I don't know if anyone was watching, but I certainly obtained some olfactory satisfaction by opening the book and taking a good sniff! The book is absolutely beautiful, two pages devoted to each guest from the series - a written page with artist bio, statement & portrait and QR code (to directly lead to the YouTube video of the individual) and a lush, full-colour page of the artist's work. The contents page gives a full roster of participants (over 50) at varying stages of their careers, including some very well-known artists.

I had only heard about The Artist's Well series because I saw a notice for an upcoming event with Eamon Colman. Eamon had been a good friend of mine last century but we lost touch over the years, so I was intent on seeing the live event on the Saturday. It was such a pleasure to see him again - and his work! - that I made a point of renewing our acquaintance and headed to Thurles, Co Tipperary to see his recent exhibition, Into The Mountain, there and meet him again. I blogged about it here.

Though most of the guests on The Artist's Well were visual artists, Keane did not confine his interviews to this one form. In fact there are also several gallerists, a musician, a singer and a writer included. Olivier Cornet owns and operates the Olivier Cornet Gallery in Dublin and it was totally fascinating to hear him talk about setting up in Ireland, the artists whom he represents in his stable and his own interests in inter-disciplinary explorations (for example, theming group shows as a response to a specific poem).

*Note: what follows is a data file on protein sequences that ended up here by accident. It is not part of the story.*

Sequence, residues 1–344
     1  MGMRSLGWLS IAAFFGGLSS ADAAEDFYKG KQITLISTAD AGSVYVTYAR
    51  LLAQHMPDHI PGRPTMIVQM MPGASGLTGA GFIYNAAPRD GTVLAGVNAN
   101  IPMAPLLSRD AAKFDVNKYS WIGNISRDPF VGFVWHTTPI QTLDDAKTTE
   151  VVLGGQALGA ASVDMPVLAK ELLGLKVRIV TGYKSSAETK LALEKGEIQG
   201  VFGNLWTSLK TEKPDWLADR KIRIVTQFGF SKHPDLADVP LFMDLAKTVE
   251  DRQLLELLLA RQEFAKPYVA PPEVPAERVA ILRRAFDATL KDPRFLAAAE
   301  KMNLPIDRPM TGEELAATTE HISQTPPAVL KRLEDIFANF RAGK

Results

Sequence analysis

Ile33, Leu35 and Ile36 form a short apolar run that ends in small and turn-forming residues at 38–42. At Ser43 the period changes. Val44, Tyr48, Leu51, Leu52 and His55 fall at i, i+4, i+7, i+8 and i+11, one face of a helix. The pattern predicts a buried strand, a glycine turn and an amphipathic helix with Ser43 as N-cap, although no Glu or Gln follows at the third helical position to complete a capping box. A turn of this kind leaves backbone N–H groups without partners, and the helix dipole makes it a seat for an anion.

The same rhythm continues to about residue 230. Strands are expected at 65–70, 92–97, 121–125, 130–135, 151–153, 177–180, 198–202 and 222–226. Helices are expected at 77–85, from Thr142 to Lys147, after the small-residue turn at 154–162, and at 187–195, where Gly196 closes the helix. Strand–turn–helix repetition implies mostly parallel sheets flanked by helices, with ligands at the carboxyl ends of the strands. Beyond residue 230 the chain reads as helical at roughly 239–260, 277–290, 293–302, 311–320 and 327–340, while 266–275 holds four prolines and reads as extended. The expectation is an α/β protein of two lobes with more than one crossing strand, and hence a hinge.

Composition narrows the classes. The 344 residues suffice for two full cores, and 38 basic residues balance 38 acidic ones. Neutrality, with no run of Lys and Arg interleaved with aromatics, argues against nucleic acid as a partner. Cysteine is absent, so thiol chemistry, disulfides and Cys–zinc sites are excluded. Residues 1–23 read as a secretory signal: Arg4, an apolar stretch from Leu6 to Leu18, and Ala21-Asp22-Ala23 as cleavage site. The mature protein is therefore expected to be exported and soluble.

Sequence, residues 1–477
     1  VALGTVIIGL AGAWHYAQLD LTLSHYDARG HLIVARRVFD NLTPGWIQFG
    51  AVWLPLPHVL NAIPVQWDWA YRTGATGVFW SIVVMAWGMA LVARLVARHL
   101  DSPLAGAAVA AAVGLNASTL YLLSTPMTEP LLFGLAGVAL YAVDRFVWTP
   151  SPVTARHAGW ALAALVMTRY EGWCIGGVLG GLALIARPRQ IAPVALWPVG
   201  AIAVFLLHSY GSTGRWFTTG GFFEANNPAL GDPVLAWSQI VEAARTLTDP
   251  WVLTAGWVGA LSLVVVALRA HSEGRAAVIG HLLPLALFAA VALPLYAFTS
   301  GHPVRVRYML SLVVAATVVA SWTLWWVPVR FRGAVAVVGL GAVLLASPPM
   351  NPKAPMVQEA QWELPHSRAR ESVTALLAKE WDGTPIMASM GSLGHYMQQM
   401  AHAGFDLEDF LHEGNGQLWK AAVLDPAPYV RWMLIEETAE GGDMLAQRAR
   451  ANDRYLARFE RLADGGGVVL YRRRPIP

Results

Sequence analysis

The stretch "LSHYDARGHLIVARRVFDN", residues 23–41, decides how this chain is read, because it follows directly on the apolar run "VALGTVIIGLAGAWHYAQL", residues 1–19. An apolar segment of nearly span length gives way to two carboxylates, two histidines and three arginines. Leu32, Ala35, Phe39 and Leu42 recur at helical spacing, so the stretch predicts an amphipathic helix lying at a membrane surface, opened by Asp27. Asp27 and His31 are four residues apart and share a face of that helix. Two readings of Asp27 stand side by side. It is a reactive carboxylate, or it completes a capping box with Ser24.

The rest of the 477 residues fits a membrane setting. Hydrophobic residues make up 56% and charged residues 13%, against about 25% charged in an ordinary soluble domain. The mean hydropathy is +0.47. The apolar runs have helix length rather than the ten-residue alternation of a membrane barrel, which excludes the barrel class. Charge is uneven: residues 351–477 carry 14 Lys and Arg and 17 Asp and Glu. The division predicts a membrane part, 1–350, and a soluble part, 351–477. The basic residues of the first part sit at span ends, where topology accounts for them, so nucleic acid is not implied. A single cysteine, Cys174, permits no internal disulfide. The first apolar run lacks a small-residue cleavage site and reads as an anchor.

At the launch I was hoping I would become reacquainted with a number of artists whose videos I had seen and met years before on one occasion or another. However, due to covid restrictions, I could not stay long at launch and did not get the chance to re-meet some past acquaintances (who may have arrived after I had left). One such artist is Niamh O'Connor who I had the pleasure to meet when we were both involved in the Jack and Jill Foundation's fundraiser "The Big Egg Hunt, Dublin" back in 2013. (I did a few blogs about it back then here, here, here, here, here, here and here!)

At the book launch, Alan Keane assured me that Series 2 of The Artist's Well was due to start in a few weeks. Looking forward to that!

Wednesday 13 October 2021

Rathfarnham Castle - fine plasterwork

 A few weeks ago I blogged about the rough wall textures that I find so attractive at Rathfarnham Castle (see here) but there are also other things about the architectural restoration that really catch my eye too.